Phantom Sway

No, I Don’t Want to Subscribe to Your Christmas Card

Now we’re making people fill out forms on social media for Christmas cards?

Christmas cards (or Hanukkah cards, or generic “holiday” cards, but I’m going to say Christmas) are supposed to be a way to reach out to the people you care about, to friends and family near and far, to send them the greetings of the season. Lately, though, it seems like people see Christmas cards more as a chore than as a privilege, a time to think about how blessed you are to have people you care about.

I noticed it a few years ago. I was getting more and more envelopes from friends with labels, and fewer with hand-written addresses. I didn’t really think anything of it; it’s really not a big deal. Then, the pre-printed “From Whoever” cards appeared. What is that? You can’t sign your own cards? You don’t need to write a personal note (although I think you should, however short), but not even to sign them yourself? It makes me wonder if people genuinely even know to whom they are sending cards, or is it just an assembly line of stick the label, stuff the card, seal, stamp, send, stick, stuff, seal, stamp, send?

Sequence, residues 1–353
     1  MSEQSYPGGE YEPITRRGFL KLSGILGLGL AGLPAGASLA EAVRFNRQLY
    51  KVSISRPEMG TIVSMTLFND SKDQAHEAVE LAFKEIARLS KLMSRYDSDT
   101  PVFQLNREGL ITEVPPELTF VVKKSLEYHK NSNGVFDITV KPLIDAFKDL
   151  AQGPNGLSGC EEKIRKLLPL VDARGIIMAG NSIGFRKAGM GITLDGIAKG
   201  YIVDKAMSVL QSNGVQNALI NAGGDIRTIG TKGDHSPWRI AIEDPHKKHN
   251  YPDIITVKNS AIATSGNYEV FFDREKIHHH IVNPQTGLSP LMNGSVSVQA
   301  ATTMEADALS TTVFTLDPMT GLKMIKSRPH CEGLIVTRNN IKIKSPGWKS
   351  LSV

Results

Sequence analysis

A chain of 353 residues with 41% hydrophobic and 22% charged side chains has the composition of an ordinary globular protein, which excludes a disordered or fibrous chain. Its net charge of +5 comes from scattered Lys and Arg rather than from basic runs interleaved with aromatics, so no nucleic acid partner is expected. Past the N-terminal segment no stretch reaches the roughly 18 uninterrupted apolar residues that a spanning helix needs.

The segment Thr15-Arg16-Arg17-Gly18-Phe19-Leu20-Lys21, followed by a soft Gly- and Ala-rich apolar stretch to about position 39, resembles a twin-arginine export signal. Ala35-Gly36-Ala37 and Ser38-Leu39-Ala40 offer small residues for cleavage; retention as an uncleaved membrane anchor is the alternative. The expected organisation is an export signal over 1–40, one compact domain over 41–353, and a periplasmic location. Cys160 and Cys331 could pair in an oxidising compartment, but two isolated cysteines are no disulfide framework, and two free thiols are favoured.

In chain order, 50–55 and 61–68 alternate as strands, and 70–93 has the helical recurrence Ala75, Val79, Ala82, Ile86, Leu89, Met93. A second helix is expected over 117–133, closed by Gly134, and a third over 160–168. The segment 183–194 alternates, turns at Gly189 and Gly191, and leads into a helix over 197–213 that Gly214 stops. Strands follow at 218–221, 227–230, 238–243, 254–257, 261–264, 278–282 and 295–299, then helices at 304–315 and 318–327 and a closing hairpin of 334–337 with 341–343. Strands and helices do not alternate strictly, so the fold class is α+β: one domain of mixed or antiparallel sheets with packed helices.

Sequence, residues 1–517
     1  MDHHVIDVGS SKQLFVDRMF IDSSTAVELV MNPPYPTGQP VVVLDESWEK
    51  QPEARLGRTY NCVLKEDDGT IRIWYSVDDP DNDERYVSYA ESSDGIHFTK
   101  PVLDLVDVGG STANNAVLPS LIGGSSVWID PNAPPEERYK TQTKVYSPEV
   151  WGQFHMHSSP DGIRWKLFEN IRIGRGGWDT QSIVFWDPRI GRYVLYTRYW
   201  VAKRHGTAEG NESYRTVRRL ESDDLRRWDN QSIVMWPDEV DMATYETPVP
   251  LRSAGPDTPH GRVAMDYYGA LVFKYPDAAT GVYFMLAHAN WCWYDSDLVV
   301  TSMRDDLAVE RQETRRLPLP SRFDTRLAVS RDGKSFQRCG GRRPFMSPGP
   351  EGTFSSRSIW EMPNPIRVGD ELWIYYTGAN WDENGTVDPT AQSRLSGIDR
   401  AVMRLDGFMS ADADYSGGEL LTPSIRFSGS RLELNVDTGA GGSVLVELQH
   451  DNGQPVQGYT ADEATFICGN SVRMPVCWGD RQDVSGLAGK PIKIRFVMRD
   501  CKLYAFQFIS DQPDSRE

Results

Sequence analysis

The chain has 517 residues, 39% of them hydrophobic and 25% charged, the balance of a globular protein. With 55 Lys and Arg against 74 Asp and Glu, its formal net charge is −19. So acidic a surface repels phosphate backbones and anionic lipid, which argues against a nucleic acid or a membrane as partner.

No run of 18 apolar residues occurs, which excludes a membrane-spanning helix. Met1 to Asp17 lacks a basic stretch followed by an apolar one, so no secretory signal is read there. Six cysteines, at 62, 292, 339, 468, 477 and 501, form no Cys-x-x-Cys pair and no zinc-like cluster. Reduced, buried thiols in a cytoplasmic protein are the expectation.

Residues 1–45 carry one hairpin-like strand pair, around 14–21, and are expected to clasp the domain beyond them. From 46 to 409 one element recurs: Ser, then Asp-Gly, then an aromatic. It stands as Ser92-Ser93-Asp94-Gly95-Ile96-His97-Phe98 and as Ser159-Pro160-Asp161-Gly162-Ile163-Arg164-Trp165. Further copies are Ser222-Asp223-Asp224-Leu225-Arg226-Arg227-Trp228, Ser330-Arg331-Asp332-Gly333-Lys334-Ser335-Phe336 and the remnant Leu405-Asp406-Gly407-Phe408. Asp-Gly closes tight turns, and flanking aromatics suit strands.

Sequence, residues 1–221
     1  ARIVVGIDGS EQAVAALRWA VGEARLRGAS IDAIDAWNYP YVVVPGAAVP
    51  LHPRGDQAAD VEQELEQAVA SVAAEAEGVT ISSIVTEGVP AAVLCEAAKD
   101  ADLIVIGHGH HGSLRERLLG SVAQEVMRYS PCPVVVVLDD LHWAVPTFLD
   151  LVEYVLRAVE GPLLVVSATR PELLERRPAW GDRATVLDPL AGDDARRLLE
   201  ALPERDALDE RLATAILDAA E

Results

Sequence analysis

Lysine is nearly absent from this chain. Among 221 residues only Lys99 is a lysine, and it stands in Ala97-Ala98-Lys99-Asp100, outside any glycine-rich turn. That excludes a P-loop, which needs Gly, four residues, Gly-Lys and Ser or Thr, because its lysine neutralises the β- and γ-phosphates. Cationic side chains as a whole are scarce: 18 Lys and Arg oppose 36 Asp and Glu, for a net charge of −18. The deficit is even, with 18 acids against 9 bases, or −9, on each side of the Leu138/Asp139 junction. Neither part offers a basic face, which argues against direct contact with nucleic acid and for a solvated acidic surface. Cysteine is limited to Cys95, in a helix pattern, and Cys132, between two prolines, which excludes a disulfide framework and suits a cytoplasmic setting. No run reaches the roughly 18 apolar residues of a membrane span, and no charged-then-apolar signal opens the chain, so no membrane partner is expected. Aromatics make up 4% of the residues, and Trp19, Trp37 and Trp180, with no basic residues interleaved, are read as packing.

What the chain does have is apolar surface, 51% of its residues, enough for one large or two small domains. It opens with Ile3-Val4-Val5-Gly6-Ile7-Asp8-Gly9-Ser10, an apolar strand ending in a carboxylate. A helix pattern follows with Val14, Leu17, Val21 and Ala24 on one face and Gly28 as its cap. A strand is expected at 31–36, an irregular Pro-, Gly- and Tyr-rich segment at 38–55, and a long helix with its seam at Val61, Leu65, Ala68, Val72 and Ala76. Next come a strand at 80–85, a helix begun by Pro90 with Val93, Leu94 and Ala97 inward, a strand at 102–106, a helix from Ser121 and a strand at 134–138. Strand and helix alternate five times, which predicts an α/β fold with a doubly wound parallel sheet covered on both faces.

I told myself that these people at least had to know who was on their Christmas card lists because they’d have to get the addresses of their friends and family in order to add them to the spreadsheet that would feed the labels. However, the impersonal Christmas cards have reached the point of the ridiculous. People are posting online forms asking their friends to submit their contact information if they wish to receive a Christmas card.

Exsqueeze me?

Here’s how it works. Somebody posts an open spreadsheet (a google document or the like) and says “Hey, if you want to get a Christmas card from me, fill out this form.” No, I do not want to subscribe to your Christmas card. I hope that you want to send me one, but I’m not going to fill out an online request for it. You should send Christmas cards to the people you care enough about to contact them individually to get their addresses (or get it from one of their friends). Send cards to the people who are worth the one second it takes to sign it.

If this is your approach to Christmas cards, take a deep breath. Think about what Christmas means and why you’re sending the cards in the first place. It’s not to send somebody an impersonal piece of mail, it’s to reach out in the spirit of Christmas.Start early if you need to, and do a little at a time. Turn on a Christmas movie, grab a hot cocoa, and spend some time with them. Enjoy it. You’re blessed to have so many people to love at Christmas (and I hope I still make the cut).




Amelia Hamilton

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